SAFE Boats International won a contract from the USCG Office of Boat Forces in Washington, DC to build two self
-righting 42-ft. Archangel Class vessels.
Designated by the USCG and the Department of Homeland Security as the Special Purpose Craft – Near Shore Lifeboat (SPC-NLB), the NLB is 100 percent designed and manufactured in the US by SBI at the Port Orchard, Wash., factory.
The USCG plans to operate the NLB in varying sea and weather conditions along the entire coast of the U.S. and use it as a fast response
and utility boat. The hull design will allow the NLB to operate in shallow water areas and transit surf zones through breaking seas in excess of 15-ft. The self-righting characteristics of the NLB allow it to continue operation with minimal degradation to performance and safety in the unlikely event of a knock down or roll over.
The multi-mission NLB is slotted for a multitude of operations such as SAR, recreational boating safety, law enforcement, and Port, Waterways and Coastal Security (PWCS) including ferry boat
The NLB is outfitted with forward and aft weapons stations capable of handling automatic weapons including M240 and .50 caliber machine guns. Weapons will normally be deployed during PWCS missions.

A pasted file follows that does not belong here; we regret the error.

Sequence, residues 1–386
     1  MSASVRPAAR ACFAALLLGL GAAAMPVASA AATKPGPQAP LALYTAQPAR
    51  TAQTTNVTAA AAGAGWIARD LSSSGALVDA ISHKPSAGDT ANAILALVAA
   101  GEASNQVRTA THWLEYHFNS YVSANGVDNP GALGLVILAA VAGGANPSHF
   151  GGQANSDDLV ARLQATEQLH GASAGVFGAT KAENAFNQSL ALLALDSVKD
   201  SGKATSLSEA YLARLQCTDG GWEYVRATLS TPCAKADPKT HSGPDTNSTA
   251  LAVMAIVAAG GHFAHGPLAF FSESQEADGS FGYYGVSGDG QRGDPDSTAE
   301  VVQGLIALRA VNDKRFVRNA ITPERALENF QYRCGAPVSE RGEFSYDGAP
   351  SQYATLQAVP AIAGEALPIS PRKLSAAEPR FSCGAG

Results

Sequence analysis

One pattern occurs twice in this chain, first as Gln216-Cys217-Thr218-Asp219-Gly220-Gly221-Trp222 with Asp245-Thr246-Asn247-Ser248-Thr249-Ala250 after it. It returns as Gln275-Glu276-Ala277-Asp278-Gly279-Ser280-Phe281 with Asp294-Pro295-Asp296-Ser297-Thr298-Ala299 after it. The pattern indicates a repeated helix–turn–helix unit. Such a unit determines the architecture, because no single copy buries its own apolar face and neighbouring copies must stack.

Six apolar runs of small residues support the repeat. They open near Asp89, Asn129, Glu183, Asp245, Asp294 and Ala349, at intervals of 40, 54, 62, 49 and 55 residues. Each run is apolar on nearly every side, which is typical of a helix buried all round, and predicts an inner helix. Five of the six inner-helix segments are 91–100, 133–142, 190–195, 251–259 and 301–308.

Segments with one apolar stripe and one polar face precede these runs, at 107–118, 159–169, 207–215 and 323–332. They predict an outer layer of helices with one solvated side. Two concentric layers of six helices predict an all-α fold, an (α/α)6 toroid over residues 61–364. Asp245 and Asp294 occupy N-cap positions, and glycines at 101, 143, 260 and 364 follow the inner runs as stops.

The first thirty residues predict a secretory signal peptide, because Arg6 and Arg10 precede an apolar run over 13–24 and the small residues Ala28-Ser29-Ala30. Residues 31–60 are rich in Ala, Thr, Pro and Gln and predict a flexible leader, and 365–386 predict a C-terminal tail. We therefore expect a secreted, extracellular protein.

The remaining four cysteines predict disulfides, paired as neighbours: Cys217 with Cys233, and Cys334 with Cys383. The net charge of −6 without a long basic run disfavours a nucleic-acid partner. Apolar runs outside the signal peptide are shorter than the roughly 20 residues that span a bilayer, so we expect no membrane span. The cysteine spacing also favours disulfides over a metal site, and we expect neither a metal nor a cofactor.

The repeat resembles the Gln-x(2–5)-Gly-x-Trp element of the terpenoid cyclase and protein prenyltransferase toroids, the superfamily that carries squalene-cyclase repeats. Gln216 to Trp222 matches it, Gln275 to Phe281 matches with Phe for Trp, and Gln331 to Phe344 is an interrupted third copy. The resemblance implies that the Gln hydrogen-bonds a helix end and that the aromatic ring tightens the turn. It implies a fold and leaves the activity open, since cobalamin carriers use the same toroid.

Designed with a stout keel and reinforced beaching plate the NLB can beach itself on harsh landings while allowing for full control and operation of the propulsion system.
The twin Caterpillar C9 diesel engines coupled to Hamilton 322 waterjets via ZF 305 transmissions will allow the NLB to run in excess of 35 knots. The engines are equipped with a level detecting switch that prompts the engines back to idle RPM in a roll over situation to prevent “dry-run” damage to the cooling system. The proprietary, self cleaning sand trap/sea strainer allows the engines to draw water from 2 different sources and clear debris that would clog most raw water cooling systems.
The electronics suite includes a comprehensive NavNet VX2 Navigational integrated system provided by Furuno. The console is set up so the vessel can be operated from either port or starboard with the starboard control station being the primary point of operation for the coxswain.
The first vessel is due to be delivered to the USCG National Motor Lifeboat School in Ilwaco, WA in mid February, 2008. The second vessel will be berthed at the USCG Station in Chatham, MA by mid March, 2008.